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Discrimination and the quota system cost Phillip a decade of his life

Solidarity launched a competition in which one lucky member of Solidarity can represent the public in August at the United Nations in the fight against unfair discrimination. After receiving hundreds of applications, listening to the public’s opinions, voting and interviews, the perfect candidate was chosen.

Phillip van Niekerk, a 31-year-old dentist from Cape Town, was nominated as the candidate to represent the public during Solidarity’s visit to the UN. Phillip feels strongly about the quota system and can represent himself and the general public well and be a mouthpiece for everyone who has been negatively affected by quotas.

It took Phillip, a fourth-year medical student at the University of Cape Town, ten years and two degrees to get admission to the medical career of his choice in spite of his 88% average in matric.

Phillip realised at the age of 29 that the process did not reflect his shortcomings, but that it amounted to a quota system with serious consequences, especially in his career. He is of the opinion that affirmative action and discrimination created an unfair system and that it cost him a decade of his life.

“It lowers performance in business, on the sports field, in academia and in health services in South Africa. I would like to stand up and speak for our people – for Afrikaners and other minorities in South Africa – to expose the discrimination that we experience on a daily basis and that is swept under the carpet, so that the world can see it and we can again have a fair society,” says Phillip.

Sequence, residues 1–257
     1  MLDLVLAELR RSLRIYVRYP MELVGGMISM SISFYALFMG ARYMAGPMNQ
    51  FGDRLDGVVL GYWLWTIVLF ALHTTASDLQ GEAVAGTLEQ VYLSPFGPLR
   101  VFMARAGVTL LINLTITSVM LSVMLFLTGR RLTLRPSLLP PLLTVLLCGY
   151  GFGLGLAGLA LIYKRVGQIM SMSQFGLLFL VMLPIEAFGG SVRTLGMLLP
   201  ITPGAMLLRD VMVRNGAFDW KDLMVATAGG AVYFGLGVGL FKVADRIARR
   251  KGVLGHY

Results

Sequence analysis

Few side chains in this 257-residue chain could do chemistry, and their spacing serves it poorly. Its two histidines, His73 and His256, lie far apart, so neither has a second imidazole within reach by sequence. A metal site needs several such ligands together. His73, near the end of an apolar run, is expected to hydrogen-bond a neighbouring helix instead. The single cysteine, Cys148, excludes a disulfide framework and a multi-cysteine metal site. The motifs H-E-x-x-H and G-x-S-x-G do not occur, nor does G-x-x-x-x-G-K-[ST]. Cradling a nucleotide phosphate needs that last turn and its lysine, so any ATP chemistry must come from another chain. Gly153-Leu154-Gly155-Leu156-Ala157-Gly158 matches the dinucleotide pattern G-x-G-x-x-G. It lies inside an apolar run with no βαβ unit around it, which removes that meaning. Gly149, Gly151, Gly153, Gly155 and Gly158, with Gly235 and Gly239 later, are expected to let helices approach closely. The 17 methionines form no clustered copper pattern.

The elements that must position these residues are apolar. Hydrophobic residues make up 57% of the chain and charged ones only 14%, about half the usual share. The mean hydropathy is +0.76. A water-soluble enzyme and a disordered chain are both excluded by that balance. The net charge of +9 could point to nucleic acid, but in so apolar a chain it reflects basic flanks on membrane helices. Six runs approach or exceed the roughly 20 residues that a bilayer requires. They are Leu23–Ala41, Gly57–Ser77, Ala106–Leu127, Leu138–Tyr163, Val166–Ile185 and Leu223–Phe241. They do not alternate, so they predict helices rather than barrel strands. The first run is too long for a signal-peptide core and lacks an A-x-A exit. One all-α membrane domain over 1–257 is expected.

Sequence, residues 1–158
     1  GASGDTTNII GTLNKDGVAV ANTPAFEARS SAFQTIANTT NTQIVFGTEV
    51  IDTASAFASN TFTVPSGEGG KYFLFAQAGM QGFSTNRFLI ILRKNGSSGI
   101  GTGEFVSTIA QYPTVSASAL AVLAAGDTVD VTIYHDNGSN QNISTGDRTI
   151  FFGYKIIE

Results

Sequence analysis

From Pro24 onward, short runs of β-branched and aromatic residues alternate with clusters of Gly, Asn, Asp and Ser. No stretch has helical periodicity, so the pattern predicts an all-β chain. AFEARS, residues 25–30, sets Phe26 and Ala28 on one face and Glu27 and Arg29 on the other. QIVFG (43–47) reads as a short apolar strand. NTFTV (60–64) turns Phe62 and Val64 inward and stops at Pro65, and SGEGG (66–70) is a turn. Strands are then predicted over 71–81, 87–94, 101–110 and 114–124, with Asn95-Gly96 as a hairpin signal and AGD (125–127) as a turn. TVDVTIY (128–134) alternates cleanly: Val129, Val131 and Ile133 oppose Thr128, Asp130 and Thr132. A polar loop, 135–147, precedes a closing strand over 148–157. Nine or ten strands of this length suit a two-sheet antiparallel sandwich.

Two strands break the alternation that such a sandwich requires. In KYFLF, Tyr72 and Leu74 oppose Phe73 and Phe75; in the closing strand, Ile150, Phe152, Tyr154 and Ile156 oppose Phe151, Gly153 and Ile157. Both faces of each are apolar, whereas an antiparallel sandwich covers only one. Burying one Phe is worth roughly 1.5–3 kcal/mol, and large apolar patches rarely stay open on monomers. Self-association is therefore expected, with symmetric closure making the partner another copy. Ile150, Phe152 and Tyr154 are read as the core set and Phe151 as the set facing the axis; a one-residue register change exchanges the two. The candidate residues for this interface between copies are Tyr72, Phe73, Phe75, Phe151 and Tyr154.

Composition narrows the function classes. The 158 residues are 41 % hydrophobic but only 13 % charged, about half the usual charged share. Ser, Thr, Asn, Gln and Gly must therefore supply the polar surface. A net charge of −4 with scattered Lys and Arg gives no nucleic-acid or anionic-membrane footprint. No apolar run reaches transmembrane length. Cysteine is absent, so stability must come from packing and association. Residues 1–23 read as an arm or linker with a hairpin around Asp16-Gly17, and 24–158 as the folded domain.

Questions and answers – Phillip:

Do you think this action of taking the government to the UN is important?
Yes, many Afrikaners are being unfairly disadvantaged. Medical selection should be about the best person for the field, not about the colour of your skin. It poses a danger to the profession.

What is an Afrikaner?
Abroad we, the Afrikaners, are seen as villains, but in reality we have our own identity here in the south of Africa. We created our own nation here and we built something unique here. We came to Africa from many places and we became part of Africa, we made our mark, and we do not have to take a back seat to anyone.

Have you ever considered emigrating?
Not at all. I have been to Canada but I prefer living in South Africa.

Solidarity is going to submit its complaint of racial discrimination against the South African government to the UN’s committee for the elimination of all forms of discrimination.

Solidarity launched a competition in which one lucky member of Solidarity can represent the public in August at the United Nations in the fight against unfair discrimination.

Background information about the visit:

In September last year Solidarity, submitted a complaint with the UN based on the International Convention on the Elimination of all forms of Racial Discrimination. South Africa, as a signatory of this convention, should submit a report every two years on the country’s compliance with the convention. Civil organisations may then submit a shadow report in reaction to a government’s report.

Solidarity’s complaint takes on the form of a shadow report prepared in response to the government’s latest report submitted in December 2014. Government was eight years late in submitting its report. In its shadow report, Solidarity indicates, among other things, that by applying quotas, the South African government is violating international law in many respects.

Following Solidarity’s submission in August, the watchdog committee on the Convention will then make recommendations which the South African government will then have to implement and report on.

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